When a new skincare trend begins making its rounds, how can you tell if it’s worth the hype? The last couple of years have been dominated by CBD—but with more reputable skincare ingredients like vitamin C out there, is CBD worth exploring? We enlisted Carlie Bell-Biggins, ND, to separate fact from fiction—and help you decide.
First things first: What exactly is CBD? CBD stands for cannabidiol, which is one of the many powerful compounds (called phytocannabinoids) produced by the Cannabis sativa plant. THC is the phytocannabinoid that causes the intoxicated state when smoking marijuana.
The difference between CBD and hempseed oil
Due to the exponential popularity of CBD, “weedwashing” has become prevalent; that is, plenty of unscrupulous parties have released ineffective or substandard versions of CBD products to make opportunistic profits. To avoid getting duped and ensure you purchase only authentic formulas, here’s what you should know.
There are many terms that fall under the umbrella of hemp-based beauty—most commonly CBD oil and hempseed oil. There is, however, an important difference between the two, according to Bell-Biggins.
“Hempseed oil comes from the seeds of the Cannabis sativa plant, while CBD oil comes from the flowers of the female plant. Hempseed oil is high in omega-3 and omega-6 fatty acids and is touted for providing moisture to the skin without clogging your pores. CBD is rich in antioxidants and has anti-inflammatory properties,” she says.
The lack of knowledge around this distinction is what enables companies to weedwash. Because CBD is more expensive, many brands will advertise their products containing only hempseed oil as CBD products. (Note hempseed oil does not contain CBD or THC.)
Bell-Biggins offers a simple solution to ensure you’re getting what you pay for: Read the full ingredients list. “Hempseed oil will be labeled as such, or it can also be listed as Cannabis sativa seed oil. CBD will be labeled as cannabidiol, hemp extract, full-spectrum hemp, hemp isolate, broad-spectrum hemp, or hemp oil.”
Another set of terminology to be aware of is “full-spectrum hemp extract,” “broad-spectrum hemp extract” and “CBD isolate.” Full-spectrum hemp will have all the cannabinoids present, including a low concentration of THC (under 0.3 percent). Broad-spectrum will have them all except THC, and an isolate will have only CBD, says Bell-Biggins.
The best choice? The naturopath says to choose full-spectrum or broad-spectrum to achieve maximum benefits for the skin. The reasoning behind this lies in the entourage effect, which describes the synergistic benefit one is said to derive from using CBD in combination with other cannabinoids. The greater the variety, the better.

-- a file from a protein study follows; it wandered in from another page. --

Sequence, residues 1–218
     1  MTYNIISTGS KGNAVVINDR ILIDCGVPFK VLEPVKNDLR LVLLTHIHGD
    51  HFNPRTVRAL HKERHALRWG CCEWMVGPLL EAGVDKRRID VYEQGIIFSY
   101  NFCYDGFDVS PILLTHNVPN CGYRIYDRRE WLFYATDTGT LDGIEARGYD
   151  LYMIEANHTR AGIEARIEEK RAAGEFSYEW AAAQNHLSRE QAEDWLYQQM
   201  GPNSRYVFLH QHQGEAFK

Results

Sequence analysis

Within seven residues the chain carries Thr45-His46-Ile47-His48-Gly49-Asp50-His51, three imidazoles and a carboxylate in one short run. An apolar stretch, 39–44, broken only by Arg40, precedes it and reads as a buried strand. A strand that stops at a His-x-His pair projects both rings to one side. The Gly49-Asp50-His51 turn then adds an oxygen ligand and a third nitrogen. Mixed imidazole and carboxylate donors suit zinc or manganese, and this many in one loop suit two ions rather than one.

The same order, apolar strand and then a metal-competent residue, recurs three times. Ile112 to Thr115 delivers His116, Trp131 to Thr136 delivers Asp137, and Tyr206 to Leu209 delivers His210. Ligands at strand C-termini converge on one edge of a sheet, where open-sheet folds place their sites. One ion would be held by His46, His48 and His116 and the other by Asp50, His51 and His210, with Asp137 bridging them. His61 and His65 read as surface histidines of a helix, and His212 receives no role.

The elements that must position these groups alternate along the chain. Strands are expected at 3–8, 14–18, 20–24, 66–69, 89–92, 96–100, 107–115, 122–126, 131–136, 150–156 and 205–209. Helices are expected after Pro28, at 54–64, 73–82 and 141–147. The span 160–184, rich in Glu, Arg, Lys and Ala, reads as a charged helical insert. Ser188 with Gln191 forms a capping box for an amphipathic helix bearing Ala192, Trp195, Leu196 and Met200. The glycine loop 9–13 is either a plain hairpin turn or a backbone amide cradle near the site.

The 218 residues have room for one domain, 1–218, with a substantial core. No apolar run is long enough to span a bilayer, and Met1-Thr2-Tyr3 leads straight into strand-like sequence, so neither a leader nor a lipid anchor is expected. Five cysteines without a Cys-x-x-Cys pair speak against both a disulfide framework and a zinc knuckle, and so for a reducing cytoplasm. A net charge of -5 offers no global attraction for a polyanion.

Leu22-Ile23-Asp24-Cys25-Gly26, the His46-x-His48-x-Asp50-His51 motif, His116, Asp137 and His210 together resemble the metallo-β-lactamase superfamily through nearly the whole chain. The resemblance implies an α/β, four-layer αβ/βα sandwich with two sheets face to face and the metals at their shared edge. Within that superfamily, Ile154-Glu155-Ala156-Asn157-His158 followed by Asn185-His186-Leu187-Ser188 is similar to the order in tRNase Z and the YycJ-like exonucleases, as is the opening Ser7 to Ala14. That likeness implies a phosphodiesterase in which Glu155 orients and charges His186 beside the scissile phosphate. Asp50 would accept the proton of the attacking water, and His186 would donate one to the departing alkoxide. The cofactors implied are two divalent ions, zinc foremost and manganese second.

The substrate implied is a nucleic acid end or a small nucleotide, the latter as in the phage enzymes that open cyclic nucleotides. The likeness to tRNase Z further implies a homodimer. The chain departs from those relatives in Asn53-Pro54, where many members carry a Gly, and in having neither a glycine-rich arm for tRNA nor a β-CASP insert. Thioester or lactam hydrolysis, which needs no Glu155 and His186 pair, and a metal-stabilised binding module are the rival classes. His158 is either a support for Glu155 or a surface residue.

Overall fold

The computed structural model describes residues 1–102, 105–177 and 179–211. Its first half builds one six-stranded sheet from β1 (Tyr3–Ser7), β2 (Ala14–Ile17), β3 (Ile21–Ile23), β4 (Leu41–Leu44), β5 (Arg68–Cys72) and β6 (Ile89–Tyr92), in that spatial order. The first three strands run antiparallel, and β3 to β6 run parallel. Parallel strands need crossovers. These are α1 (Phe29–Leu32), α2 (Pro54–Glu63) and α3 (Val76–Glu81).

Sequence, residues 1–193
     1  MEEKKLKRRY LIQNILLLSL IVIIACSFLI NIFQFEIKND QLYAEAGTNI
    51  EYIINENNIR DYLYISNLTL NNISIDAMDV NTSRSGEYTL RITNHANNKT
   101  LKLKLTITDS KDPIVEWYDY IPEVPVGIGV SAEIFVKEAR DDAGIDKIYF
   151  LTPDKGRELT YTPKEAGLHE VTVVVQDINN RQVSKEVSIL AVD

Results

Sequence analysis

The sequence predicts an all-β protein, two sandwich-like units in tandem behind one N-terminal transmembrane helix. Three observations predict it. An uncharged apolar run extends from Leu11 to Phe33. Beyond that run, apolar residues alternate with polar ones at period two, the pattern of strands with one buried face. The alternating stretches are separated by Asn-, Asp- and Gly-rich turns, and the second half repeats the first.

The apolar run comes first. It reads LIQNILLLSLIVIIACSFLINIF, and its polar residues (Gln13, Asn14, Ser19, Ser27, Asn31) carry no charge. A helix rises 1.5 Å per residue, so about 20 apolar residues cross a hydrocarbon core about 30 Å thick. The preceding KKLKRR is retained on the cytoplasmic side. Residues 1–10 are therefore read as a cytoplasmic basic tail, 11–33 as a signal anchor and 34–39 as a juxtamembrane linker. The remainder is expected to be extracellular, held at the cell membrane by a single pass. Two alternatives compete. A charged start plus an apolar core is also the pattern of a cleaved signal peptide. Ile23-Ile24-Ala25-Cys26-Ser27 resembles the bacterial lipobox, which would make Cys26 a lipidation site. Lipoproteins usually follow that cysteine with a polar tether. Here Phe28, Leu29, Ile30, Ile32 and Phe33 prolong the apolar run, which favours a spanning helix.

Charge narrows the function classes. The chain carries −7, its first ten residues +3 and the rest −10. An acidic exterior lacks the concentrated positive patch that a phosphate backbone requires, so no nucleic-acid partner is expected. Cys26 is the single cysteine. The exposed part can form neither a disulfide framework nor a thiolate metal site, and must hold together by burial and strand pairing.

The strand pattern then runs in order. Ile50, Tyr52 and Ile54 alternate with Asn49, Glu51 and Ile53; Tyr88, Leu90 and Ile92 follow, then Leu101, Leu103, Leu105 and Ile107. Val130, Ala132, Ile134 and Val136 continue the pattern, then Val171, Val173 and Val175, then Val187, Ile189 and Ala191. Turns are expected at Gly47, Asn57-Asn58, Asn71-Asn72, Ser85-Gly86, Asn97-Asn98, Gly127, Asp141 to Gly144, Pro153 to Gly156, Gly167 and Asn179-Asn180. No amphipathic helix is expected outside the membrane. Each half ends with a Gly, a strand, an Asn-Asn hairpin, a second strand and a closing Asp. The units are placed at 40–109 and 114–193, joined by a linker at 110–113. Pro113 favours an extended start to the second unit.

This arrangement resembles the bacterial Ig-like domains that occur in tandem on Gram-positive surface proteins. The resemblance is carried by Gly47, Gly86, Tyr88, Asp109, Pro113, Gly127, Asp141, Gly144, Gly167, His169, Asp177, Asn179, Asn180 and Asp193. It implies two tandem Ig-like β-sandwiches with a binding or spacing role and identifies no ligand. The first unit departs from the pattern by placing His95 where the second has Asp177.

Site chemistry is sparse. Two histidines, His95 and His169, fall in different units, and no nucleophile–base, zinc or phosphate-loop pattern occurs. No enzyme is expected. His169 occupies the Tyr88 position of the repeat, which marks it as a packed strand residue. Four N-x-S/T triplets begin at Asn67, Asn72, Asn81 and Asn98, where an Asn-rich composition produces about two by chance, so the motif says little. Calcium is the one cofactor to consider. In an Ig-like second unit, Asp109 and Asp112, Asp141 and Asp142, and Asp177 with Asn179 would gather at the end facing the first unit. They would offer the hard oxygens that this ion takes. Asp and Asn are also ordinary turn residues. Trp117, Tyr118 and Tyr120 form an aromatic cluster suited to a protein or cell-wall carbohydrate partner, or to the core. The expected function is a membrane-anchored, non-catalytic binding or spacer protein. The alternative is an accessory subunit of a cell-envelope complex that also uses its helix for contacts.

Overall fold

The purported beauty benefits of CBD
Considering that hemp-based beauty is relatively new, research about its effectiveness is in its infancy. That doesn’t mean there aren’t encouraging studies (in addition to an abundance of users who swear by it).
“Because of their anti-inflammatory actions, phytocannabinoids, including CBD, may be safe and effective plant-based tools to help manage inflammation in the skin for conditions such as acne, eczema, and psoriasis,” says Bell-Biggins, who adds that other studies have shown how CBD can positively affect wound healing.
How CBD actually works with skin
So how does CBD actually work its wonders once applied to your skin? The key is in the endocannabinoid system (ECS), a complex cell-signaling system that regulates cannabinoids from CBD within your body to help with sleep, immune, and notably, skin function.
“If any of these processes are disrupted or the ECS is not functioning properly in the skin, various skin conditions can arise, including eczema, psoriasis, acne, dermatitis, cancer, hair growth disorders, itching, and pain,” says Bell-Biggins. Using CBD on your skin may help stimulate the endocannabinoid system, providing optimal conditions to keep it in balance.
Many people are also curious about how much CBD is actually absorbed into the skin. As with other skincare ingredients, CBD is definitely absorbed—but the extent to which it’s absorbed is debatable. It depends on the person, says Bell-Biggins.
“When the CBD is absorbed, it will go to the fat cells first, before making its way to the blood. The more fat someone has, the less CBD will make it to the bloodstream.” On top of that, she continues, skin that is inflamed tends to absorb CBD better.
Whether you’re interested in incorporating CBD to smooth or soothe your skin, don’t skip your homework. Read labels—and remember: Your skin cannot be fooled!
CBD for relaxation
Need to chill out? Dr. Carlie Bell-Biggins, ND, recommends CBD bath soaks, topical salves, and oral oil tinctures. Regardless of how you take it all in, CBD can help by preventing your body from breaking down anandamide, a feel-good cannabinoid your body naturally produces on its own!